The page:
Breath instruments are not infallible, and like all machinery or electronic devices, these instruments can and often do fail to record blood alcohol content accurately. If not properly operated or maintained, or uploaded with the incorrect software, they may give false readings. On your behalf we request the appropriate instrumentation documents and send them off for analysis to our expert. Any arising discrepancies or issues may result in the readings being thrown out of evidence due to their unreliability. 

Analyzing Varying Blood Alcohol Levels
Having a single drink or two shortly before getting behind the wheel may mean that your blood alcohol level at the time of driving, is different from your blood alcohol level at the time of testing (as over time, unabsorbed alcohol gradually enters your bloodstream). The breath samples used against you in court can only be obtained at checkstop locations or at the police station itself. Therefore we sometimes present the case that your blood alcohol level was in fact below the legal limit while driving prior to providing samples of your breath. Again, a trained expert may be used to extrapolate your blood alcohol reading and provide you with a defence at trial. 

Challenging Observations of Impairment 
Observations the officer makes with respect to what he/she believes to be ‘physical indicia of impairment’ may have many other feasible explanations. Poor balance may be the result of poor road conditions, slippery footwear, wearing heels or a knee or hip injury. Slurred speech can be the result of speech impediments, nervousness or being tongue tied. Red eyes can result from allergies, or cigarette smoke or fatigue. Unfortunately, it’s been our experience that officers often embellish their notes and investigations in order to make the case seem stronger than what it is. We can often expose this exaggeration with a vigorous cross examination from our lawyers. 

Employing Refusal or Failure
In some cases people are physically unable to provide an adequate sample into the roadside devices or breathalyzer machines. They may suffer from asthma or respiratory issues, they may have anxiety or be nervous, the police officer may be abusive or threatening, or provide confusing instructions as to how to provide a sample. Sometimes the breath instruments are simply not properly maintained or in proper working order and can’t even accept a sample. Based on our complete understanding of the specifics of your case and situation, we can take this approach where appropriate.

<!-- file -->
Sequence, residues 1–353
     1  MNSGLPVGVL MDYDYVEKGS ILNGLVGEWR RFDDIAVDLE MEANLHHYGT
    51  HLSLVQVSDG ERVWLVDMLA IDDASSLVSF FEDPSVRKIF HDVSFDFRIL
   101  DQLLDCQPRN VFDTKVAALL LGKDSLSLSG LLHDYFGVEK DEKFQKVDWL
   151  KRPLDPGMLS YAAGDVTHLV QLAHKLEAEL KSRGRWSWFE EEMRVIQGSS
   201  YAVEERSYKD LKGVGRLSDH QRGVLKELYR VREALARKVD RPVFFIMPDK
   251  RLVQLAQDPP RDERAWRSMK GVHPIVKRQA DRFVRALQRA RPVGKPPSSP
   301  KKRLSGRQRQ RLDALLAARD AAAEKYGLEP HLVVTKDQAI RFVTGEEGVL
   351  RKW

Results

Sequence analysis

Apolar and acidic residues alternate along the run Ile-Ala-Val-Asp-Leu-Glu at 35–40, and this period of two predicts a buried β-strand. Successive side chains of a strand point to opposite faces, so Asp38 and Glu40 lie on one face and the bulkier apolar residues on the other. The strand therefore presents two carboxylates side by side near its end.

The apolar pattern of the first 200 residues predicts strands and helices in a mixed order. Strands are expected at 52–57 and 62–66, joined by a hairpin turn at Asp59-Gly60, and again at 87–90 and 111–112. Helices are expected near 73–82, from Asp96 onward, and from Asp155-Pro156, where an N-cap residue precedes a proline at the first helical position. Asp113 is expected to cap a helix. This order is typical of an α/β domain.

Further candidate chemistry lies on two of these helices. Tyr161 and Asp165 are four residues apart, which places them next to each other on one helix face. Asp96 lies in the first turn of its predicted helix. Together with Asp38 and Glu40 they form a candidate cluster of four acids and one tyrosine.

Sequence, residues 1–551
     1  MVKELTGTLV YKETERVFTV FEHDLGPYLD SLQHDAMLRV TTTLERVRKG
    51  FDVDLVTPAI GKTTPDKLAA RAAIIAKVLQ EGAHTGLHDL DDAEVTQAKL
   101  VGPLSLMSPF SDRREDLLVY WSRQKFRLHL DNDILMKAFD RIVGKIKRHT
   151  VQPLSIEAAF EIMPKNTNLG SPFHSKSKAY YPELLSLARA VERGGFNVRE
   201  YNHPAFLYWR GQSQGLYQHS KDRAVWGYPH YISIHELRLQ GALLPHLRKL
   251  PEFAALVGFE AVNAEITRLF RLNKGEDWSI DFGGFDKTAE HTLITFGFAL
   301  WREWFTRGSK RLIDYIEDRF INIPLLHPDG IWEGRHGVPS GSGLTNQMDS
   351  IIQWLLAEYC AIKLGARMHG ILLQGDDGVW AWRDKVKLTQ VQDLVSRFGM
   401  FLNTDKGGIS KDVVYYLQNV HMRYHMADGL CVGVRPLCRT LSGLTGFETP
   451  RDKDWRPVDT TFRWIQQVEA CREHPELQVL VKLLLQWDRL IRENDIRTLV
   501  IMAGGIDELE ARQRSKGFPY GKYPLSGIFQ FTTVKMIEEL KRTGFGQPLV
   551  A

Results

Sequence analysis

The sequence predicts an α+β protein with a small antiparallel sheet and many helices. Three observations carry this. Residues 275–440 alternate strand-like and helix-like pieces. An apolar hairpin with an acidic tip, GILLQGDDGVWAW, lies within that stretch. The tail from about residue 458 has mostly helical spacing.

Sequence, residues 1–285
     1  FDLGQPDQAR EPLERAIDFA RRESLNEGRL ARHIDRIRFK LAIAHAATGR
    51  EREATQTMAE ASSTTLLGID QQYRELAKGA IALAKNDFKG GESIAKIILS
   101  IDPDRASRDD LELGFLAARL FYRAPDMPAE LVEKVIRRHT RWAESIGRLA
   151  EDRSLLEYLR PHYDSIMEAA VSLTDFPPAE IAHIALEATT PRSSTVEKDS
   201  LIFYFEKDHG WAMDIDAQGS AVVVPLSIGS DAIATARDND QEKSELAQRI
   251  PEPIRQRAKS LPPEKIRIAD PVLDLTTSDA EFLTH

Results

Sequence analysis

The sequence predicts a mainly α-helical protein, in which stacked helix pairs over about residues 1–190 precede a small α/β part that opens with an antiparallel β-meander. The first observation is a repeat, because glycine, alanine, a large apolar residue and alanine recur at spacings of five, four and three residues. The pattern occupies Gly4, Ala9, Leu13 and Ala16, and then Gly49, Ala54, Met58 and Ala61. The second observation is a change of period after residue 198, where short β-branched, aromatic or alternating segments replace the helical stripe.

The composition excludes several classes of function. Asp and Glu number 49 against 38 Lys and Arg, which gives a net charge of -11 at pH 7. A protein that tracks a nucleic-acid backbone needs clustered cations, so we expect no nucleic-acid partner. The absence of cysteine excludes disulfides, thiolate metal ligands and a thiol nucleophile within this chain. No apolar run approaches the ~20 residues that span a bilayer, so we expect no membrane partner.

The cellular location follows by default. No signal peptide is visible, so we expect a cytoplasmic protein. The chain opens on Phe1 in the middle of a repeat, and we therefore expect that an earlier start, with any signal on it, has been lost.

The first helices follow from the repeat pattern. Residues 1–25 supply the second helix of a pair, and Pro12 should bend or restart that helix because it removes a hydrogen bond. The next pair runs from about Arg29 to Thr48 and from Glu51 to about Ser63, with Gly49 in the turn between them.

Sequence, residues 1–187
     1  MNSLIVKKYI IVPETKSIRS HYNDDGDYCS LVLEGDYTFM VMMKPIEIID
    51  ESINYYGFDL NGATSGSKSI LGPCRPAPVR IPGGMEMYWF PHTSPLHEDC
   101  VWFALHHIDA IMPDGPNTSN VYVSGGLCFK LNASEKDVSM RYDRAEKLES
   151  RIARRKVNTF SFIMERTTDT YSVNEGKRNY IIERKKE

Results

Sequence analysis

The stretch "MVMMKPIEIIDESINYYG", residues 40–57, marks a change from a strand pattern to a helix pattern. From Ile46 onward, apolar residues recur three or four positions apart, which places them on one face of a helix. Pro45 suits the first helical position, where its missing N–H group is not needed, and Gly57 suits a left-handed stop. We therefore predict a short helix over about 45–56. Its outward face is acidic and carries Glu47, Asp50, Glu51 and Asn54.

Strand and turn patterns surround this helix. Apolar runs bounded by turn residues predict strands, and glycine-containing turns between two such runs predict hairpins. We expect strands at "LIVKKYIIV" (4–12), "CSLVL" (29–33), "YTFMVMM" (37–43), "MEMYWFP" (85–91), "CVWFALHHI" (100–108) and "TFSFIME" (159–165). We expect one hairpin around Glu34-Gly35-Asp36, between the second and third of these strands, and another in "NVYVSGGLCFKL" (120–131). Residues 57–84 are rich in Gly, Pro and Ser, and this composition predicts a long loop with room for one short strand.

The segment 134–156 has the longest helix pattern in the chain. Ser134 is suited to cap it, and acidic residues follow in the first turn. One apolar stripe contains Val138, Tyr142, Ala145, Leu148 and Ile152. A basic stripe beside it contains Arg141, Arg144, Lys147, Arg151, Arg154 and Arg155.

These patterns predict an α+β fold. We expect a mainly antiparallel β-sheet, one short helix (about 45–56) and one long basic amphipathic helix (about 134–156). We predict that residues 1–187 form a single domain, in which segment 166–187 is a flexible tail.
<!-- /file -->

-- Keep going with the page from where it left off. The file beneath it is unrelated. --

Call us. We can help.

If you have been charged with drunk driving, driving high, ‘over 80’ or fail and refuse, our Calgary criminal lawyers are here to help. Whether a momentary lapse of judgment or being falsely accused of something you didn’t do, your freedom is our focus.

Latest News Of DUI, Impaired Driving

August 2015
CALGARY – An Alberta man has been granted full parole in a drunk driving case that resulted in the death of 17-year-old Brandon Thomas. Last year, 24-year-old Ryan Gibson had pleaded guilty to impaired driving following the December 2012 crash. Police said at the time Thomas’ vehicle collided with a pickup truck driving the wrong way down Highway 22 near Cochrane. Gibson’s blood alcohol level was twice the legal limit. Thomas’ mother was in court Wednesday, and... more
January 2015
  About two dozen people gathered Monday afternoon at the intersection where Kimberly Ellingson died on September 14th, 2013.   The 53-year-old Calgary woman was a passenger on a motorcycle that was struck by a Ford Taurus being driven by Kelsey Lynn Tallman.   Tallman initially faced six charges, including impaired driving causing death.   But the 21-year-old woman pleaded guilty Monday to a single charge of dangerous driving causing death.   Family and... more
January 2015
  A young woman has been sentenced to one year behind bars in connection with a fatal crash in Oakridge last fall.   21-year-old Kelsey Tallman struck a motorcycle in an intersection after failing to stop at a yield sign.   53-year-old Kimberly Ellingson was pronounced dead at the scene.   Her husband ‘dean’ suffered serious injuries.   Tallman was originally charged with several offences including impaired driving.   But she ended up pleading guilty to one... more